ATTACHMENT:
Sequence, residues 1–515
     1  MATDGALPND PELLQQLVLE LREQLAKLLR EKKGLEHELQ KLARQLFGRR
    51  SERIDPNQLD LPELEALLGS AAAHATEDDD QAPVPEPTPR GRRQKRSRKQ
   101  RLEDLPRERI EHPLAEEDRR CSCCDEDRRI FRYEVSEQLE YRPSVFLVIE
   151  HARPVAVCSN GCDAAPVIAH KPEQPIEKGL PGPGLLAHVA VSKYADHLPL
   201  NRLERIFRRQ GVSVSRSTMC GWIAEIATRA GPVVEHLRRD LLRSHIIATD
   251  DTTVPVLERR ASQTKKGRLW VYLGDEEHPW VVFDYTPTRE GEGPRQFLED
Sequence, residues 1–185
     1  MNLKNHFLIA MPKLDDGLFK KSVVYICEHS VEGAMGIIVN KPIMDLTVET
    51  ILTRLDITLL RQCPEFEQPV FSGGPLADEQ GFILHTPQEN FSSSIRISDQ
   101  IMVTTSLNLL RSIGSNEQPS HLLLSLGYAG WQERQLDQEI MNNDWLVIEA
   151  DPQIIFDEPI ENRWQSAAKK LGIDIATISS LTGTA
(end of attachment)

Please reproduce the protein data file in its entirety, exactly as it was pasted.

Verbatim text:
Sequence, residues 1–515
     1  MATDGALPND PELLQQLVLE LREQLAKLLR EKKGLEHELQ KLARQLFGRR
    51  SERIDPNQLD LPELEALLGS AAAHATEDDD QAPVPEPTPR GRRQKRSRKQ
   101  RLEDLPRERI EHPLAEEDRR CSCCDEDRRI FRYEVSEQLE YRPSVFLVIE
   151  HARPVAVCSN GCDAAPVIAH KPEQPIEKGL PGPGLLAHVA VSKYADHLPL
   201  NRLERIFRRQ GVSVSRSTMC GWIAEIATRA GPVVEHLRRD LLRSHIIATD
   251  DTTVPVLERR ASQTKKGRLW VYLGDEEHPW VVFDYTPTRE GEGPRQFLED
Sequence, residues 1–185
     1  MNLKNHFLIA MPKLDDGLFK KSVVYICEHS VEGAMGIIVN KPIMDLTVET
    51  ILTRLDITLL RQCPEFEQPV FSGGPLADEQ GFILHTPQEN FSSSIRISDQ
   101  IMVTTSLNLL RSIGSNEQPS HLLLSLGYAG WQERQLDQEI MNNDWLVIEA
   151  DPQIIFDEPI ENRWQSAAKK LGIDIATISS LTGTA